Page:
• 0161 696 6193
  • Request a callback
Stephensons Solicitors LLP Banner Image

Separation agreement solicitors

Our family law solicitors are able to advise and assist should you wish to draw up a separation agreement. Speak to our experts on 0161 696 6193 or complete our online enquiry form and a member of the team will contact you to discuss a separation agreement.

What is a separation agreement and why might you need one?

A separation agreement is a document prepared when parties want to stop living together as a couple, setting out the terms of any settlement or agreement for finances, property and children. An agreement can include details on how bills and commitments like a mortgage or rent will be paid after the relationship has broken down.

A separation agreement can be used for married and unmarried couples. Unmarried couples may also find this agreement particularly useful as they are not protected by the law in the same way as married couples.

For married couples, a separation agreement can formally set out how finances and assets can be divided or split and who is responsible for what financial commitments, until it is decided whether to proceed with a divorce or dissolution. 

Excellent4.6 score on Trustpilot
Rated 4.6 / 5 Based on 2032 reviews
Read all reviews

How binding are separation agreements?

Separation agreements are not legally binding as although they can be a formal legal document, they are not technically legally binding in their own right. An agreement is not a court order and a court is not usually involved in creating them. It is, a contract between two people and therefore could still be challenged within court like any other contract. This is why it is important to ensure they are correctly drafted.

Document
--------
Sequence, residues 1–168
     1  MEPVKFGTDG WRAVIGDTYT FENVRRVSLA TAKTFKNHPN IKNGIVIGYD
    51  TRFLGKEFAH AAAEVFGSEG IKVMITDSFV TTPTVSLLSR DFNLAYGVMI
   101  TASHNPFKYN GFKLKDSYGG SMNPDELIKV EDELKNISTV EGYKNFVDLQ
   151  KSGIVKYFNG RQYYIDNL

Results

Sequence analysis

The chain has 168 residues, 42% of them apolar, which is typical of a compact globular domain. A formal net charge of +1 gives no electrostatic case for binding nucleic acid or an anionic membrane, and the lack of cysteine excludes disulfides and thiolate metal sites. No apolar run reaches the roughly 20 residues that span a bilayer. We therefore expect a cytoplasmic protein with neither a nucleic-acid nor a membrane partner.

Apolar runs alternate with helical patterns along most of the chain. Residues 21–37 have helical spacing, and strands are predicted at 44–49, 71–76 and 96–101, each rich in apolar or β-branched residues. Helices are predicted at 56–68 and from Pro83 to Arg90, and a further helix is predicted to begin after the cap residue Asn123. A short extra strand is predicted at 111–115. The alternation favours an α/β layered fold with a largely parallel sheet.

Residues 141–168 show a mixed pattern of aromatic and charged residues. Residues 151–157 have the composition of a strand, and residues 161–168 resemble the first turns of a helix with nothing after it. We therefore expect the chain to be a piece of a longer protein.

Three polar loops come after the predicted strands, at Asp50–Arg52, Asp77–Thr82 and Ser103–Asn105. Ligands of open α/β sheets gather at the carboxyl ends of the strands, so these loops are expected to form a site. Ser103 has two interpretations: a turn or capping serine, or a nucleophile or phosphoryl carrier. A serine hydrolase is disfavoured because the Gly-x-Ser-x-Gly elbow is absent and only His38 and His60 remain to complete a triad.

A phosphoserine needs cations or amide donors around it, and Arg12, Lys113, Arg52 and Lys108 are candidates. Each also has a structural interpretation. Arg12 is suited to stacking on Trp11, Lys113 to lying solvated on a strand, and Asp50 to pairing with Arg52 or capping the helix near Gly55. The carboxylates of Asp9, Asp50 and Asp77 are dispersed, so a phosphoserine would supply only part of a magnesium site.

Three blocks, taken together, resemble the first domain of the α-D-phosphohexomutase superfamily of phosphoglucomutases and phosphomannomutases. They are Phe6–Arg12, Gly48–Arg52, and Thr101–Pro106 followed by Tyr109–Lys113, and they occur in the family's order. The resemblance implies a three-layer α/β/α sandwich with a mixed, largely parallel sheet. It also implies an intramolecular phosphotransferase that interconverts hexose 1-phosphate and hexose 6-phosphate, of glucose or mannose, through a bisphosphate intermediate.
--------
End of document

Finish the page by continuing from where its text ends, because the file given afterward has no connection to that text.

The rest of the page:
For married couples, a separation agreement can often be made into a financial consent order within any future divorce proceedings, by having your solicitor properly draft it and then applying to the court – so making it legally binding. An agreement can also help speed up the divorce process, if arrangements have already been agreed in advance. 

Separation agreements are advantageous to both parties as they may be able to stop one of the parties from later changing their minds about an agreement that has been reached. A separation agreement therefore can help safeguard your position as, if one of you later refuses to keep to the terms of the agreement, you can ask a court to enforce the terms.

If a separation agreement is entered into voluntarily by both parties, with full disclosure of their finances, the benefit of legal advice and the agreement is reasonable, it is unlikely a judge will amend the terms. If you have an existing separation agreement, but later disagree and require the courts to settle the dispute, then there is the chance that a judge may see no reason to vary it when making financial orders and child arrangement orders.  

For a court to consider upholding an agreement within divorce proceedings, it would have to fulfil these conditions:

  • Both parties took legal advice before entering the agreement.
  • Both parties’ circumstances are broadly similar to when the agreement was made.
  • Both parties made full and frank financial disclosure.

Should you choose divorce or a separation agreement?